In many respects, it's not suprising that Bank of America just got stung for a $8.5 billion settlement...
The Wall Street Journal notes that the bank is close to an $8.5 billion settlement with a bunch of high powered investors who were burned by BOA in the mortgage backed securities market.
Bank of America was deemed a bank that was "too big too fail." When President Bush, Hank Paulson, and Ben Bernanke put together the first Wall Street bailout of $700 billion, it was a move designed to reward bad behavior among big banks.
BOA has the money in their pockets to pay for bad behavior. If a Main Street company, without taxpayer bailout money, had behaved as badly, they wouldn't be getting off for $8.5 billion, they would be shutting down.
Instead Bank of America rolls on, picking up Merrill Lynch along the way.
A small story from last year tells me that Bank of America is never going to "get it." Billion dollar settlement or not.
Last year, a Bank of America call center "tantalized" their employees. They offered Burger King Whoppers to workers as a reward for hitting a quota, while peddling Bank of America products.
The people were employed in a "customer service" call-in center. They were supposed to be helping people with problems, not giving a sales pitch.
This incident sums up everything that is wrong with the financial system in America.
Bank of America is a "too big to fail" Wall Street bank that received bailout money from the American taxpayers. They hit the jackpot twice as they got more bailout money when they purchased Merrill Lynch.
It then used bailout money to "encourage" their employees to sell products to people who were looking for assistance.
People who work their way through a Wall Street bank's "customer service" maze aren't looking for a sales pitch, they are looking for help.
Note that Bank of America didn't offer incentives for employees helping customers solve their problems. They only offered the Whoppers to people pushing products.
If you want food, make a sale.
Actually, the entire sales team had to make their quota in order to get food.
According to the Huffington Post, "a flier provided by a former employee of the call center, which only takes incoming calls, says that if 'each person on your team gets 2 Sales, everyone on the team will get to choose 1 item from the Dollar menu at Burger King and receive next day.' "
If one of the team didn't think that cramming products was part of their job description, they knocked all their fellow employees out of Whopper world.
Talk about peer pressure. How would you like to be the one "customer service" representative who kept the rest of the crew from their free Whopper.
I'm sure the "customer service" representatives were pitching like the characters in Glengarry Glen Ross. And rewarded by the worst kind of junk food there is.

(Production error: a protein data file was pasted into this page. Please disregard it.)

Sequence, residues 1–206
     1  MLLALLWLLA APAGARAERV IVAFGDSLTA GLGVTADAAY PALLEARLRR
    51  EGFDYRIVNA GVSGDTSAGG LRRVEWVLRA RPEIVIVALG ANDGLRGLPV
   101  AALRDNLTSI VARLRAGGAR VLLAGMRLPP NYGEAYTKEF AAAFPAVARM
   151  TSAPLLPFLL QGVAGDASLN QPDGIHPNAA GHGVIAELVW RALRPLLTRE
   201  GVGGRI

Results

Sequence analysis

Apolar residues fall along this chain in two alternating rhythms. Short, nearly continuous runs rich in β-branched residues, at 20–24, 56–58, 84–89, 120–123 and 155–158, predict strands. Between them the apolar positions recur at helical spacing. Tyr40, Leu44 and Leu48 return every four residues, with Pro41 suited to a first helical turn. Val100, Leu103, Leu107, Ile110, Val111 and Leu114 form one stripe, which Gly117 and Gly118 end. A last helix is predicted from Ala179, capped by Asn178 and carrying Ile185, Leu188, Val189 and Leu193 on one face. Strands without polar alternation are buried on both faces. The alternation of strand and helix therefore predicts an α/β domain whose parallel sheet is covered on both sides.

More than anything, it shows an arrogant example of how Bank of America doesn't think that the law applies to them.
Which explains how they can stay in business after getting dinged for $8.5 billion.
I've been avidly pushing the concept of Move Your Money. Take from your money from places like Bank of America and move them banks and credit unions in your community.
To my knowledge, none of them have paid a $8.5 billion settlement.
When I see a "too big to fail" bank handing out Whoppers for pushing products, it tells me that the bank does not hold the same values or belief systems that I do.
I've moved my money elsewhere. And encourage everyone to do the same.
It could be that the Whoppers are part of a master plan by Bank of America. You might remember that Wal Mart got in trouble a few years ago for purchasing life insurance on employees and profiting when they are dead.
I have not seen any evidence that Bank of America is buying insurance on its employees and plying them with Whoppers. I guess it is possible.
It would be cruel and heartless, but a lot of stuff that happens on Wall Street is cruel and heartless.
I'm not going to be banking at Bank of America. I'll do my best to stay away from the Whoppers too.
Don McNay, CLU, ChFC, MSFS, CSSC is an award-winning financial columnist and Huffington Post Contributor.
You can read more about Don at www.donmcnay.com
McNay founded McNay Settlement Group, a structured settlement and financial consulting firm, in 1983, and Kentucky Guardianship Administrators LLC in 2000. You can read more about both at www.mcnay.com
McNay has Master's Degrees from Vanderbilt and the American College and is in the Hall of Distinguished Alumni of Eastern Kentucky University.
McNay has written two books. Most recent is Son of a Son of a Gambler: Winners, Losers and What to Do When You Win The Lottery
McNay is a lifetime member of the Million Dollar Round Table and has four professional designations in the financial services field
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